What is Tuna Sashimi?
A sashimi platter consists of thinly sliced raw fish (and sometimes cooked fish), with an assortment of condiments featuring flavours like wasabi, fresh ginger, and soy sauce.
We sell tuna sashimi, one of the world’s most sought-after raw sashimi varieties.
There is a similarity between sashimi and sushi, but they are distinct from one another. You can think of it as the portion of fish, but as soon as you add seaweed and rice, it becomes sushi.
Defrosting Sashimi: How do you do it?
Take the vacuum pack off from tuna sashimi, cover it with a sheet of kitchen paper, and let it defrost overnight in the fridge. As well as protecting it from odours, the towel will keep liquids from running off. Defrosting slowly inside the fridge maintains tuna’s characteristics and texture more effectively than defrosting quickly outdoors.
Tuna is also thawed more evenly in this manner. The last thing you want to do is slice frozen tuna.
The tuna’s deep red flesh (similar to beef’s red flesh) is one of its most striking features. In contrast, a tuna’s colour turns brown when it dies. Fish can usually be judged by their colour to determine how fresh they are, however, when it comes to tuna, looking at its colour can be misleading as it can be restored because carbon monoxide quickly restores its colour.
The Art of Slicing Tuna Sashimi
You should always use a very sharp knife for sashimi cutting. To prevent the mushing of the flesh, it requires a smooth cut through the tuna.
Japanese sushi knives are available online for a range of prices with amazing results. It’s almost as good as those kitchen knives if they’re reasonably sharp. If you wet your knife, it will easily glide through your fresh fish and help you slice it evenly.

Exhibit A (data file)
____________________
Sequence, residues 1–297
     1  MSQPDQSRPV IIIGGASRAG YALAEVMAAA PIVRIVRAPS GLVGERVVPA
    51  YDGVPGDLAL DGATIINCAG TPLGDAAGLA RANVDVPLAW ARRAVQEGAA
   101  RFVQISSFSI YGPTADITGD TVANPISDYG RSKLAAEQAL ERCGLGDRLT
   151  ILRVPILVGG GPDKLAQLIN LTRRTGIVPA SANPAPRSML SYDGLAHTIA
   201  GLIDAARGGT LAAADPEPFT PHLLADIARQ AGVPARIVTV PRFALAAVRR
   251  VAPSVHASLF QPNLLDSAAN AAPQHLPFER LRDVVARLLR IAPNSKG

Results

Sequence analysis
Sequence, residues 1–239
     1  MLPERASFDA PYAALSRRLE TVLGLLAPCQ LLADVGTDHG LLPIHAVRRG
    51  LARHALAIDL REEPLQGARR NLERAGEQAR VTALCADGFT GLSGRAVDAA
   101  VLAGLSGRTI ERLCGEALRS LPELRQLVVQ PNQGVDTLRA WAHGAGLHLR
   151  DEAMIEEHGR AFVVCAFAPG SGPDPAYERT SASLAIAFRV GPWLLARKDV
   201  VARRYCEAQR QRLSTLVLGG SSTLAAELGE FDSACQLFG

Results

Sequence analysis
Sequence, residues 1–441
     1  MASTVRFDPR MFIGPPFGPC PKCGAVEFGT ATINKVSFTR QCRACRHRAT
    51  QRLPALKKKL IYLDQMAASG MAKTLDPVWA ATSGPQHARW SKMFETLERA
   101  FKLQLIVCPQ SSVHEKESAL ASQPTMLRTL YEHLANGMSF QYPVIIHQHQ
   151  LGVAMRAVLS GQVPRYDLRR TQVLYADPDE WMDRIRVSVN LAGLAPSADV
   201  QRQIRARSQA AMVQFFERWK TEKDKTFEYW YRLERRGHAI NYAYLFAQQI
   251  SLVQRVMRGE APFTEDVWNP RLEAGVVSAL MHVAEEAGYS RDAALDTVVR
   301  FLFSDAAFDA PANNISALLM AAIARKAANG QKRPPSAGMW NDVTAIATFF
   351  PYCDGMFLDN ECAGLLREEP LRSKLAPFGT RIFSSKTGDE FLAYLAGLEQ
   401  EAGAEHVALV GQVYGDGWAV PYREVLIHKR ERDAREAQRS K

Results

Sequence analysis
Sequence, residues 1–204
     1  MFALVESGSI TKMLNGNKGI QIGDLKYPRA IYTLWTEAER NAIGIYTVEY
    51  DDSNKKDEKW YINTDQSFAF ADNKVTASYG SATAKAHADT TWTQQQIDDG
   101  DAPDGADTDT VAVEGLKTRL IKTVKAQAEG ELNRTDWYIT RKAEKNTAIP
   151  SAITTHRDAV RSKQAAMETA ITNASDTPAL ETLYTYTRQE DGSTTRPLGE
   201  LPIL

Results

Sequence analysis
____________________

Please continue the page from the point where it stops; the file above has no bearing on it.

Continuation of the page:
Sashimi blocks can be cut in two ways: hira-zukuri, rectangle-shaped, and usu-zukuri, thin slices.
When cutting thin slices, follow the grain, which is usually the longest dimension. While cutting, ensure the fish is firmly held by the hand that is not holding the knife. With your knife, the side will be very close to touching the fish, so you’ll make a shallow slant to make thin slices. You shouldn’t even try to cut flesh with a dull knife because you will likely end up mushing it.
When making the thick slice of sashimi, slice the block vertically by using one stroke only, going against the fish grain. According to your liking and the number of people you will serve, you can make the slices thicker or thinner. A sharp knife is required for really thin cuts.
The Best Frozen Tuna
We only use premium frozen yellowfin tuna. As far as super-freezing is concerned, it means – 60°C, which keeps it red. After processing, it must be frozen to -60°C throughout transport, which can take months and many miles. Having a few instances of -20°C is acceptable, but excessive sub-20 results in reddish-brown flesh.
A huge -60°C freezer holds our yellowfin tuna and dry ice cools it to -80°C when it leaves the facility. Once it reaches you, it will be -20°C at most, which means you should be eating raw fish shortly after receiving it.
In terms of taste, brown tuna doesn’t differ much from red tuna, but if you eat it by sight, it won’t satisfy you.
A Tuna Fit for Sashimi
There is no official definition of the term sashimi-grade fish, even though many businesses use it. Fish that are certified as fresh and bruise-free is of the highest quality. Except for pricing, it has little meaning to salespeople and buyers.
Generally speaking, however, when it comes to tuna prices, quality is reflected in the price, especially if the brand is reputable.
Tuna’s back meat is where we get our tuna. This part of the fish is dark reddish and leaner than its belly.
Tuna Sashimi Recipe
Preparation time: 10 min.
Cooking time: 0
500g sashimi-grade tuna
2 avocados, flesh cut into thick slices
2 tablespoons extra virgin olive oil
1 tablespoon lime juice, plus extra lime to serve
4 spring onions, finely sliced on the diagonal
1/2 cup (125ml) light soy sauce
Sprinkle with sesame seeds
Using a sharp knife, cut the tuna into 0.5cm slices. Place on a serving platter with the slices of avocado.
Combine the extra virgin olive oil and lime juice. When ready to serve, dress the avocado and tuna with lime dressing. Garnish with spring onions and season with sea salt and pepper.
Serve with the soy sauce for dipping, and extra lime if desired.